INFORMATION AND SUPPORT
The World of
Chronic Pain

More than 125 million Amercians are suffering.

Diseases &
Conditions

These conditions can cause a world of pain.

Medications
& Treatment

Be sure you know the cautions and side effects.

Help &
Support

Finding help is not always simple for those in pain.

Safety &
Prevention

These tips can help prevent a lifetime of pain.

News &
Issues

Up-to-date news on pain-related issues.

Morphine

Morphine is the principal medical alkaloid of opium. Its effects are pain relief, euphoria, dependence potential, and respiratory depression. It also binds with k-receptors mediating spinal analgesia, miosis, and sedation.

Morphine is the drug of choice for the treatment of severe acute or chronic pain, used mostly for acute pain (myocardial infarction, multiple injuries, post-operative). Morphine is also frequently injected to prepare for surgery and it can also be given during the operation for the suppression of nociceptive stimuli.

For long-term treatment of terminally ill, pain-ridden patients, oral preparations are usually better suited. For this, regular administration of individually-adjusted doses is decisive. Morphine can be combined with other (non-opioid) analgesics or psychotropic drugs. For subjects with refractory pain, the epidural (or intrathecal) injection or infusion of morphine can be considered. This treatment is frequently efficacious but it is associated with considerable risks. It should therefore only be performed by specially trained staff.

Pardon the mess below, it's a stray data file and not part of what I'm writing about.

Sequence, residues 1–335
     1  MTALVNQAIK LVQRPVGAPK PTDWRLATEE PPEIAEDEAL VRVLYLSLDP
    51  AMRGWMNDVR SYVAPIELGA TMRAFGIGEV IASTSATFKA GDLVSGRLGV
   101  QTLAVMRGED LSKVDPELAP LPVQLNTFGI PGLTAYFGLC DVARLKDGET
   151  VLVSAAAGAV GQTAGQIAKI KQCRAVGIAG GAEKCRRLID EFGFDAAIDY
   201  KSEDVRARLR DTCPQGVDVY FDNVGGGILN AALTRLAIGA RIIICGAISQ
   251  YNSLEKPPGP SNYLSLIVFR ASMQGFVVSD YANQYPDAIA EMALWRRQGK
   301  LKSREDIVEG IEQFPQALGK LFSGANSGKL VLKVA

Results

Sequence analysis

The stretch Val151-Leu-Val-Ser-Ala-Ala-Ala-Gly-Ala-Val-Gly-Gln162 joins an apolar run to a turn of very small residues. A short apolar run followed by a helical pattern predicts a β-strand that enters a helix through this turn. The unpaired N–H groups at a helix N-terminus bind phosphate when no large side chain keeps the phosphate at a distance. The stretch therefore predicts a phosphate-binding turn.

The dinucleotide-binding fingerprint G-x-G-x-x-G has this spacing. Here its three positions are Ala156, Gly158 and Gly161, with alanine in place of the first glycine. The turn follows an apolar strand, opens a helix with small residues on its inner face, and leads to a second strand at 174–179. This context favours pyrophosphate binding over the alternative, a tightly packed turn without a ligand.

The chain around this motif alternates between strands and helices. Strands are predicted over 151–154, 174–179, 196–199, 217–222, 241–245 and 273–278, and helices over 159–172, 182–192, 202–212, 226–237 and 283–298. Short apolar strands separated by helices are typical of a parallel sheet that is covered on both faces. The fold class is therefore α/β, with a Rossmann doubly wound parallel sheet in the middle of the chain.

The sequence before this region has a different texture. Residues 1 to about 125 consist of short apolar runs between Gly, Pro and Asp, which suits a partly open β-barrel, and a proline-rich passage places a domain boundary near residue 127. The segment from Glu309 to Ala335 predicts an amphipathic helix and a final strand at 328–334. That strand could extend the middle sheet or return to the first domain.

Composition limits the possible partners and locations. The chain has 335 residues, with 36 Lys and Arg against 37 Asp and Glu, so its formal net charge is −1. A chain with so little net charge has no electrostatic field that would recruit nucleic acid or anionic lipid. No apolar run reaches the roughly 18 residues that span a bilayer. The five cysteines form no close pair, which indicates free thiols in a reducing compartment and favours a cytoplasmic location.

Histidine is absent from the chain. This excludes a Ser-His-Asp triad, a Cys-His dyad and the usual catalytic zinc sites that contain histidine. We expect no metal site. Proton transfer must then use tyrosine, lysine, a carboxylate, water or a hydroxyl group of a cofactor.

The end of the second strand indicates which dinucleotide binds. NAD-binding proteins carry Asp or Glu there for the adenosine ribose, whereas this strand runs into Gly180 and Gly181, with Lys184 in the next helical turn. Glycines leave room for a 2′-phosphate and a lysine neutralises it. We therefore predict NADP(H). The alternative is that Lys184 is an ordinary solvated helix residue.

Side Effects: Morphine causes a wide range of side-effects. Severe reactions such as respiratory depressions and pronounced hypotension are uncommon when the drug is used therapeutically. Drop in blood pressure due to a cardiac infarction or hypovolemia can have dangerous results.

Constipation is the most important problem in long-term treatment. Initially sedation and nausea are present.

Even therapeutic doses can reduce respiratory frequency and can cause urinary retention. Further potential side-effects are euphoria and dysphoria, anxiety, itching, hives, bronchospasms, gas, headaches and contraction of the muscle of the iris, causing the pupil of the eye to become smaller. Development of tolerance to morphine entails ever-increasing doses. Infomed Drug Guide